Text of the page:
"The Five" debate whether Democrats are 'moving the goalposts' in Senate impeachment trial

As the president's Senate impeachment trial appears to be nearing an end, some members of "The Five" decided to consider the situation through the lens of the Super Bowl, which will be held in Miami this Sunday.

"At the end of the night, the clock's going to run out. One team is going to go back into the locker room and the other team is going to celebrate victory," co-host Jesse Watters said of the NFL championship game between the Kansas City Chiefs and the San Francisco 49ers. "Why can't the Democrats take a page out of that book and lose gracefully?"

DEMS SIGNAL THEY WON'T ACCEPT TRUMP ACQUITTAL

Watters took issue with Democrats making the case to the media that if Republicans did not agree to hear witnesses, the trial was illegitimate and that Trump was not really acquitted.

"These people have not accepted defeat when Trump won in 2016. They didn't even accept the Mueller report. And now they're saying this Senate trial where he's going to be acquitted, that he's not going to be acquitted and it's not a fair trial," Watters said. "You can't accuse this guy of cheating every single time he beat you or else you just look like sore losers."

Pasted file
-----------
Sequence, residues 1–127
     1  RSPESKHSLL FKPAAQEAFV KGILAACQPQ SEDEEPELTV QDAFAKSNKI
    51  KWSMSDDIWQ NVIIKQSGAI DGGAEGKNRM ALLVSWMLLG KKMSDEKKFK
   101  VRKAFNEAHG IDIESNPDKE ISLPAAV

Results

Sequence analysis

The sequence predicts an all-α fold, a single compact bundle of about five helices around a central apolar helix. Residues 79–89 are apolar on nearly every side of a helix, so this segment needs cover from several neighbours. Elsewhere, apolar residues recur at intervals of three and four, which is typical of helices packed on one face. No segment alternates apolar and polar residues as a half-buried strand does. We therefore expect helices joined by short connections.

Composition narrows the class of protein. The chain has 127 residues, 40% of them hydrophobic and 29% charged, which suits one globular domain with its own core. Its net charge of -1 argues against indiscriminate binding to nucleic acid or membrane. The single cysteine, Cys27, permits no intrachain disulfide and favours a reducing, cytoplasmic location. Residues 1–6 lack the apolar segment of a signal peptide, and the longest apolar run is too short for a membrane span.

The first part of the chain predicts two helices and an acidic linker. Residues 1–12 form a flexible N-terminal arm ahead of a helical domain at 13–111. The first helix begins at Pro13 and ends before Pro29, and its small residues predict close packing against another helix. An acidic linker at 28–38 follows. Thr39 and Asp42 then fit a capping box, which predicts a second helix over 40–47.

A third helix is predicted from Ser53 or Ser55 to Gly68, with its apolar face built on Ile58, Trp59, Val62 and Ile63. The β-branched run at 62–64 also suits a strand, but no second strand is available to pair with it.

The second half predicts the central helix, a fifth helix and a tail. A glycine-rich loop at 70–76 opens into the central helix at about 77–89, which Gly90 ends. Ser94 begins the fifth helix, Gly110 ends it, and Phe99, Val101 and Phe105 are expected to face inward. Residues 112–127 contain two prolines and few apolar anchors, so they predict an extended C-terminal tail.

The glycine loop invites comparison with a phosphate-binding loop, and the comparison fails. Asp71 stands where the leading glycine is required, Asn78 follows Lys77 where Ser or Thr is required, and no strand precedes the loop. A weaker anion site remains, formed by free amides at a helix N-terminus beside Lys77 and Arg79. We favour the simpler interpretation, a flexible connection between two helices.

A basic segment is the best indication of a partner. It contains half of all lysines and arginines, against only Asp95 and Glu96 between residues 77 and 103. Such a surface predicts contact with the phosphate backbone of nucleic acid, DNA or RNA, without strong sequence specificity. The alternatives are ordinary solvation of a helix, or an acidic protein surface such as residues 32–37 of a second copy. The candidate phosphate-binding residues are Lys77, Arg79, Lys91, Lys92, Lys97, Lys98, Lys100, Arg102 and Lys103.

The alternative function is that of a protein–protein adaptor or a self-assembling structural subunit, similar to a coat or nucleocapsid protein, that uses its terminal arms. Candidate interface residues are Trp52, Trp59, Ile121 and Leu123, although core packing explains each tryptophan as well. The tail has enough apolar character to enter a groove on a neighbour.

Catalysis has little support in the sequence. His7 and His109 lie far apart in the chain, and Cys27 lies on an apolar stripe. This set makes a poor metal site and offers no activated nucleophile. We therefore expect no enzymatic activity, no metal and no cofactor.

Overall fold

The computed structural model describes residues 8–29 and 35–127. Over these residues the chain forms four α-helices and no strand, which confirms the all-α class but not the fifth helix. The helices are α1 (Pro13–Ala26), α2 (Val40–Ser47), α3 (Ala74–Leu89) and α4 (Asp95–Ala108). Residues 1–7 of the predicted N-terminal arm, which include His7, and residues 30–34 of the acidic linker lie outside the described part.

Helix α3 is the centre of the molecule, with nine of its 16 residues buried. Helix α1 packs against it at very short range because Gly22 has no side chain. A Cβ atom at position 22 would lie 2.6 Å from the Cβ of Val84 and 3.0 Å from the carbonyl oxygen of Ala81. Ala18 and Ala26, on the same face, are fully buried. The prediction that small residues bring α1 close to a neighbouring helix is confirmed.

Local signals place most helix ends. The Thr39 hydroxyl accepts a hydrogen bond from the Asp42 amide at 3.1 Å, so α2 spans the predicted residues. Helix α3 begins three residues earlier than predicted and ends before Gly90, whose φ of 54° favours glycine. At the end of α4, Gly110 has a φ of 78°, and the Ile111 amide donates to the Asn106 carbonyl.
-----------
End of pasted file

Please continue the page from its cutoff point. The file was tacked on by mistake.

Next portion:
Co-host Greg Gutfeld accused Democrats of "moving the goalposts" with their argument.

"I don't know where else they can go with this," Gutfeld said. "But it's all about the next bombshell, which are never bombshells. But they're always waiting for the bombshells which turn out to be eggshells, which you crush with your hands."

Gutfeld also accused Democrats of "stalking the president," while co-host Juan Williams asked rhetorically: "Have all institutions in the country just gone to hell?"

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Sen. Lamar Alexander, R-Tenn., announced late Thursday that he would not support additional witnesses, saying that Trump's actions in withholding military aid from Ukraine in order to encourage an investigation into Joe and Hunter Biden were "inappropriate," but not worthy of removal by the Senate.

"Our founding documents provide for duly elected presidents who serve with ‘the consent of the governed,’ not at the pleasure of the United States Congress," said Alexander in reference to the November election. "Let the people decide."